Indeed, the man has a name, too. Other men call him White, like the second note in the call of the quail. I could not have reproduced this sound even if I condescended to. Instead I continue to refer to him by what can be roughly translated as “gives-food baby man”. It does sound better in my tongue.
And he calls me Gos. I have become compelled to a kind of trust with him, and if it is not that, then it is dependence. This, I think, is to my shame. This, like the name, binds me to him in unpredictable ways.
Early there was a quite literal binding. The man affixed a thin strip of skin to each of my legs, so that if I wished to leave his grasp, I could not. This infuriated me upon discovery. If I had had the use of my talons, I could have sheared through that skin like lightning through a pine. He held the strips in his fat fingers and sometimes fixed them to a branch I was to sit on, when I was not to sit on him. Sitting on the branch was of course preferable, so I need not smell his stink so keenly, but sitting on his hand often led to food. (Perhaps he did not understand he could present the food wherever I was. As mentioned, he did not understand many things.)
In the beginning, he kept me with him for great long spells, and I was made to sit upon the skin which covered his hand for the longest day I can ever remember. It started out acceptably. The man took me from my perch in the corner of this sort of closed-in place where he lived, like a badger, and placed me on his hand, and gave me a piece of quail. Then he walked, back and forth, around in a tight circle, up and down and back again. He sometimes made his gobbling noises, and at other times was silent save for the rushing of his breath and rumblings from below of what I assumed was his gizzard. He began to slow in his walking, and through the holes to the surface of this underground place, I saw the sun settling down, and evening come toward us. Still he did not release me. Instead, the man touched one of the thin, treelike objects near us, and a bright light sprang forth from it, and filled the burrow as if it was day again.
It was day for another long time. The man eventually folded his legs in an entirely revolting fashion and nestled himself into a hummock of grass. He stared at me for quite a bit, and made some more man noises. Then he reached over and grasped a hard, white object in his large hand, and stared at that for an even longer time. Every few minutes, he would touch the object and move a part of it, revealing a new face. I could not discern what caused him to stare for so long at something dull and unmoving, but once, I thought I saw a flattened bird on one of these faces. But it may have been my delirium. I, Gos, was growing tired.
At the end of this strange day, a new one began. Night would seem so close, and then it would not come when one expected it. The man gave me another quail. This I ate ravenously, and momentarily forgot the ordeal, thinking it completed. But when the man did not perch me back on the branch I always went to after eating, I was again suspicious. And very, very tired.
We lived that day and the subsequent night-day as I described above. The tiredness grew and grew, but I did not want to fall asleep near this man. Why? It was unnatural. Who knows what he might do to me, when I was so vulnerable, and no less, when it was not even dark with night or hot at the height of day. It took all of my power to continue to be awake. The man did not seem to need to rest. He continued, as I did, until at the end of this long day, swaying, I fell asleep at last.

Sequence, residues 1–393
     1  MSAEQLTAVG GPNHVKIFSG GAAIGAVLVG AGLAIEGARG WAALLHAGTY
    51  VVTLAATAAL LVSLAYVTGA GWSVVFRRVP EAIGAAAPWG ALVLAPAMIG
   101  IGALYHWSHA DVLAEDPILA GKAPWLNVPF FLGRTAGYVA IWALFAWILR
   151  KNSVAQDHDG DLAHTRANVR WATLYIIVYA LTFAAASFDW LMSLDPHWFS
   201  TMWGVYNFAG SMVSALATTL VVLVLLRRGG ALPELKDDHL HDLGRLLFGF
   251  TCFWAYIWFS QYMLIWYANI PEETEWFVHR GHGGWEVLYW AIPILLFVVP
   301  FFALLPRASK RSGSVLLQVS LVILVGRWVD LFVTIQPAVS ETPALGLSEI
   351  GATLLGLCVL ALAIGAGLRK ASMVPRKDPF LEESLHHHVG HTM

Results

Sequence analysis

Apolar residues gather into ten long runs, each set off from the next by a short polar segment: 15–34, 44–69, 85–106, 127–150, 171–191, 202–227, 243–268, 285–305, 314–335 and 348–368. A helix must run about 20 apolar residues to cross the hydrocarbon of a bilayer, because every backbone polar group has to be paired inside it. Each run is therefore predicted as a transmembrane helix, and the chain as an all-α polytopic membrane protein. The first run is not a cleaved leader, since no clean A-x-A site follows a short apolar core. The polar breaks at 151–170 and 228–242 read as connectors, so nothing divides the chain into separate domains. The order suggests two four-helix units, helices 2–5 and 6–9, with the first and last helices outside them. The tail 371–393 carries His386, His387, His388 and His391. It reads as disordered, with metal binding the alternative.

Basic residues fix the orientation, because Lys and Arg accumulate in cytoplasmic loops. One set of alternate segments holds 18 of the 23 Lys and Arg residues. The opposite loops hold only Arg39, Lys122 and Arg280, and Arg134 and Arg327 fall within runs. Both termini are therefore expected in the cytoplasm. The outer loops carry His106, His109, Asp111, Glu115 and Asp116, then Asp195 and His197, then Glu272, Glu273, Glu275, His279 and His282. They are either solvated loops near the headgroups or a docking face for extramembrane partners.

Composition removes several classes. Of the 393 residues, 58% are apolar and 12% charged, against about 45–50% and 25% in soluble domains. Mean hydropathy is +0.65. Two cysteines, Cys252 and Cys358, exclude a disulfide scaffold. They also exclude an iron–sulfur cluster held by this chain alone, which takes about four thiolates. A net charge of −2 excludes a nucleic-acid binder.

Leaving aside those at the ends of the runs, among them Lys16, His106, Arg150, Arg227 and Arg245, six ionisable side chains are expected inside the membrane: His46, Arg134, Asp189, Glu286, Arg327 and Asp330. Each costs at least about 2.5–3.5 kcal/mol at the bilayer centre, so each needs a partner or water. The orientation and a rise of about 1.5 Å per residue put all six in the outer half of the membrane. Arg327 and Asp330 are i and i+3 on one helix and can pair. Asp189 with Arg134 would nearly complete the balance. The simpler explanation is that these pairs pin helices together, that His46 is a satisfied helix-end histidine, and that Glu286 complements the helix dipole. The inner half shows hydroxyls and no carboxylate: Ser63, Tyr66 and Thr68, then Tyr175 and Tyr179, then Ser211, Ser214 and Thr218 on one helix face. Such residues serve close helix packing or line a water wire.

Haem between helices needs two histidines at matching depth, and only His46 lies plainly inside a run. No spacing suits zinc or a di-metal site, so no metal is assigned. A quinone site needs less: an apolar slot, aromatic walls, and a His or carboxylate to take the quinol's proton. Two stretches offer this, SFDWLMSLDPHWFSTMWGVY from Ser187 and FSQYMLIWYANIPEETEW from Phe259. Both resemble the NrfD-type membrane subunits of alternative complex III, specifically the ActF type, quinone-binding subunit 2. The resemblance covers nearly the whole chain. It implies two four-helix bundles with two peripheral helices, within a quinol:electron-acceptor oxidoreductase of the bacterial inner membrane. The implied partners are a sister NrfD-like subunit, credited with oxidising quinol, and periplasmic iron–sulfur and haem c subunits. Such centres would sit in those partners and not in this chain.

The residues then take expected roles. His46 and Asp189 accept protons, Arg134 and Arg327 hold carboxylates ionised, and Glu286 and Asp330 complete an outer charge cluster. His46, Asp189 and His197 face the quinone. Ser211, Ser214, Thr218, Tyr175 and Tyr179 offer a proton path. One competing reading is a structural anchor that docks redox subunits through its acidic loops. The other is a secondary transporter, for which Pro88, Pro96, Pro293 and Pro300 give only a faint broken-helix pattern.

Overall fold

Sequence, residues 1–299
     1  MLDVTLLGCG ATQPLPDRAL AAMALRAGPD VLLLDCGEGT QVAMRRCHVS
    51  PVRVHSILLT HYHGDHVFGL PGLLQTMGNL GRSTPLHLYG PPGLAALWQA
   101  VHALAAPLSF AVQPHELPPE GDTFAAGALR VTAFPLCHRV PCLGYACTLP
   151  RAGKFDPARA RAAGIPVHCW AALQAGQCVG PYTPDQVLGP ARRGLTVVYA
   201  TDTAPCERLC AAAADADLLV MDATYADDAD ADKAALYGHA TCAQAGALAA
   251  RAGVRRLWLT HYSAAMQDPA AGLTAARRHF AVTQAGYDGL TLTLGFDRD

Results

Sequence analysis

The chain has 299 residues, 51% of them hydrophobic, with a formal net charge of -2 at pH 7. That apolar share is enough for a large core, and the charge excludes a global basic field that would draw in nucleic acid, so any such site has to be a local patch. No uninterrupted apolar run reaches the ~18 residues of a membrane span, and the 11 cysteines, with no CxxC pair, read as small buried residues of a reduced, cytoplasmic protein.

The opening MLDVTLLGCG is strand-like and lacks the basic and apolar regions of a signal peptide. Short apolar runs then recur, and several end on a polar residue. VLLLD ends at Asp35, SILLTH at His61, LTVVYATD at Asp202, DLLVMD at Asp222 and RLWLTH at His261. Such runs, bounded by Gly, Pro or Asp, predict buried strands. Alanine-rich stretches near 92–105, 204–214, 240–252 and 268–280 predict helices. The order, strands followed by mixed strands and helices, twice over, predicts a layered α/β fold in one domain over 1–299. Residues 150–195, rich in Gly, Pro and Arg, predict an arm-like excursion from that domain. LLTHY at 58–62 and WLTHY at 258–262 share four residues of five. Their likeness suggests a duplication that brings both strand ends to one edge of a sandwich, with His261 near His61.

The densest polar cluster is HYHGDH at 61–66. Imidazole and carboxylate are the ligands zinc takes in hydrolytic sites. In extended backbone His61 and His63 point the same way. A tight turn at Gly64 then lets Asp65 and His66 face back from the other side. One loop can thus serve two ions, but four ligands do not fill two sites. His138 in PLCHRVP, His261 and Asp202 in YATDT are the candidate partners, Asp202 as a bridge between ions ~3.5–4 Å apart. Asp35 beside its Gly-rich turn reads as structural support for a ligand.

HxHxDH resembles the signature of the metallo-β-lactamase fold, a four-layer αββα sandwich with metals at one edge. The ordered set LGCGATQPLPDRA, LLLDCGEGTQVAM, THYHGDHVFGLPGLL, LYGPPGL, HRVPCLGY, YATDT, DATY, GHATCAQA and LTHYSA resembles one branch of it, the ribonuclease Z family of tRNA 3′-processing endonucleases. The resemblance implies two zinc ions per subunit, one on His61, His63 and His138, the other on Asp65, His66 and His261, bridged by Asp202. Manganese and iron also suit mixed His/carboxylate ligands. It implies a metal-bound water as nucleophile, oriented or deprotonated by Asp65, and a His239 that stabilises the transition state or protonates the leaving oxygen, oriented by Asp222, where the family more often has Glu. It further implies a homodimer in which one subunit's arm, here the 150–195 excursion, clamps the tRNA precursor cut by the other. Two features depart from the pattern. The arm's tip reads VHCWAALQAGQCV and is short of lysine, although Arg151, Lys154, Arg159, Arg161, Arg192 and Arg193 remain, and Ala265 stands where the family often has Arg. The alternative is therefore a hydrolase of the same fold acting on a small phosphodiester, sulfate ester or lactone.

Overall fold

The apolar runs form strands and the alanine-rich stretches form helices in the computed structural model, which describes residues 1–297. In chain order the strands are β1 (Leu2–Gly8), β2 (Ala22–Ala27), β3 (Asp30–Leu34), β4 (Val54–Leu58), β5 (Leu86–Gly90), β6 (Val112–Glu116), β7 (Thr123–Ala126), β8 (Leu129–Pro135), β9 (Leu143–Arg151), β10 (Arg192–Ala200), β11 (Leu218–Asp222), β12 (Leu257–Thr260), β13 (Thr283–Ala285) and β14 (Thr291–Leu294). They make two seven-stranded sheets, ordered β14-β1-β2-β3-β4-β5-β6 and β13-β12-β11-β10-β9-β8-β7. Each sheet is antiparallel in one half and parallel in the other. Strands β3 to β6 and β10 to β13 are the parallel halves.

I awoke the next morning, alive and well. Nothing had happened while I slept. I was hungry. I thought of the man. I thought he would bring me a quail. I did not think that I would take the quail from him—I knew he would bring it to me. When he came, and I saw his ugly face and his stub-fingers, I thought of nothing but food. The first trial had ended.
The second trial began the next day, and we went swiftly together after that. He let me fly. I do not know why I phrased it thus. I, Gos, could fly whenever I wanted to. But the strips of skin were ever affixed to my legs, and when I chose to fly, I would be caught by them and hang with my head toward the Earth until I could gather the strength to right myself. Though I wanted to fly, I was bound.
Then the man took me out from his underground place and we were under the sky. He perched me on a long branch parallel to the ground, and walked away from me.
This was very new. At first I did not understand, and took a moment to consider this change. The branch was much like my perch in the burrow, but I noticed with my keen eye that the man had not taken the time or care to work with his grubby fingers a thick catch in the bit of skin around my legs. I pondered this as well. The man was walking up and down in the field across from me, making high little bird-whistles. If the catch had not been made, and I attempted to fly, perhaps I would not fall. Falling was unpleasant, but an inconvenience. The pull of the wind was so strong out here. I thought of my fair hilled country many days from the sea. The man had stopped walking, and was now moving towards me. I attempted to fly.
And lo! I was off! The air caught in my feathers and I flew. I pumped to stay aloft and then rushed over the ground, skimming the grass tips with my round secondaries. Like a true prince on a chase I glided, making for the largest tree in the field and flexing my thumbs to climb its height, I, Gos—whump!
My feet jerked out from beneath me and I fell belly first into the grass just below that great tree, my bill buried in the mud and my wings outstretched like a dead pheasant. So I had been caught up after all. How dim I was not to have foreseen it. The man was approaching me. I felt a welling of something black and bubbling in my breast. He reached his skin-covered hand down toward me and I struck out at him with a ferocity that I, Gos, had been born with.